Airports company not expecting more fuel suppliers to quit SA after BP’s exit

BP terminated aviation fuel supply to South African airports, but Acsa believes other suppliers will compete to take up the slack

Airport Company South Africa says it does not anticipate fuel supply challenges during the Easter holidays despite BP's decision to terminate services in SA.
Airport Company South Africa says it does not anticipate fuel supply challenges during the Easter holidays despite BP's decision to terminate services in SA.
Image: Esa Alexander

Despite the country’s unstable power supply and occasional downward trajectory in international markets, Airports Company SA (Acsa) does not expect more fuel suppliers terminating services to airlines.   

Acsa told SowetanLIVE's sister publication TimesLIVE, as one of the largest fuel suppliers, BP has terminated aviation fuel supply to South African airports starting from January. Some speculated BP's move was caused by concerns of exposure of international businesses to Russian businesses in South Africa amid the war in Ukraine. However, BP says the decision was purely strategic.  

The British oil and gas company was expected to stop supply at the biggest airport in the country, OR Tambo international airport, in May. It ended its aviation operations at Cape Town International Airport in January and will do so at the East London and George airports on Friday.    

BP will end its aviation operations at Durban's King Shaka International Airport at the end of April.

Speaking to TimesLIVE, Acsa OR Tambo airport regional manager Jabulani Khambule said the company had talks with fuel suppliers and did not anticipate any more of them terminating services.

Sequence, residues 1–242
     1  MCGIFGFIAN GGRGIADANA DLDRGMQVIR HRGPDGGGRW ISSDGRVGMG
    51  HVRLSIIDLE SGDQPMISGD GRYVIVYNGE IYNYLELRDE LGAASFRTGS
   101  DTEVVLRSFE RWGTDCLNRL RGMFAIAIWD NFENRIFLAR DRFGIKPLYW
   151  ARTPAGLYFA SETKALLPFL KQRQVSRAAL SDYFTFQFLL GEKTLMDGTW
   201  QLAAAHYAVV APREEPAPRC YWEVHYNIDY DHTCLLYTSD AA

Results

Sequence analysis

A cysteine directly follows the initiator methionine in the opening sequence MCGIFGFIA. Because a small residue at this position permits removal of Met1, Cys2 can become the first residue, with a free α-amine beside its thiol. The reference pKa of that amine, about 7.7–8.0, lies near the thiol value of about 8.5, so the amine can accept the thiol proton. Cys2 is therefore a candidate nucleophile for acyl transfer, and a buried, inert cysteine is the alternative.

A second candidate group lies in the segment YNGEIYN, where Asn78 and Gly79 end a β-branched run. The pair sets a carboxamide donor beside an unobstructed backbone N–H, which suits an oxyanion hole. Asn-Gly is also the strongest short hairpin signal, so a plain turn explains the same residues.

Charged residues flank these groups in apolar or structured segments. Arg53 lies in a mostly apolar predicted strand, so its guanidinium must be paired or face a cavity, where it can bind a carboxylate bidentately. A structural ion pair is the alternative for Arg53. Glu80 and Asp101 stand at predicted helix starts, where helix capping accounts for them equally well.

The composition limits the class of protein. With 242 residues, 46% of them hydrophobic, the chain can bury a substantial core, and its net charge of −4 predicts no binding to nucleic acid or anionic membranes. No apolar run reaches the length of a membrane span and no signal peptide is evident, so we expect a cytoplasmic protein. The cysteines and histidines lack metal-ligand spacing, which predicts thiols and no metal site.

“We do not anticipate more companies leaving the country. South Africa’s international relations are quite good with most of the countries.    

“Even BP pulling out of South Africa has nothing to do with international relations; it is about their strategic focus as a business as to where they want to focus on and what areas of their business they deem not profitable to the number of resources invested in a particular area,” Khambule said.    

With a peak in demand expected at the airports this upcoming Easter holiday, Khambule said fuel security would not be in jeopardy because they had contracts with eight fuel suppliers.    

He said the company was also in talks with other fuel suppliers to make up whatever shortfall would be left by BP. Khambule was excited that a South African company, PetroSA, had applied to compete in the market for fuel supply.    

“PetroSA has applied to be a through putter (fuel supplier using Acsa’s storage facilities). They will operate and compete like all others through putters in the market for jet fuel supply.”    

Khambule said while PetroSA has not done business with Acsa before, he did not foresee challenges with the company.   

“Not to pre-empt the outcome of that application, I do not foresee challenges with them. There are regulatory standards they need to comply with to be granted that licence.    

 “I am excited to hear that PetroSA now wants to play a role in the supply of jet fuel. Most suppliers are international companies, we have a local company in the name of Sasol which is a major player in the space. But having two South African major players gives us a lot of encouragement.”    

Earlier this month Cape Town airport had a fuel shortfall after a major fuel supplier had refinery glitches caused by power problems. However, these issues seem not to deter Acsa, which announced a steady recovery in sales after the Covid-19 outbreak.    

Khambule said the company had a fuel supply forum consisting of the department of minerals, energy and resources, refineries, through putters and transport companies.    

“This is to make sure we have contingencies in place to ensure security of supply. Once we get information about fuel supply, I notify our fuel forum to convene urgently and come up with mitigating plans.”   


Would you like to comment on this article?
Register (it's quick and free) or sign in now.

Speech Bubbles

Please read our Comment Policy before commenting.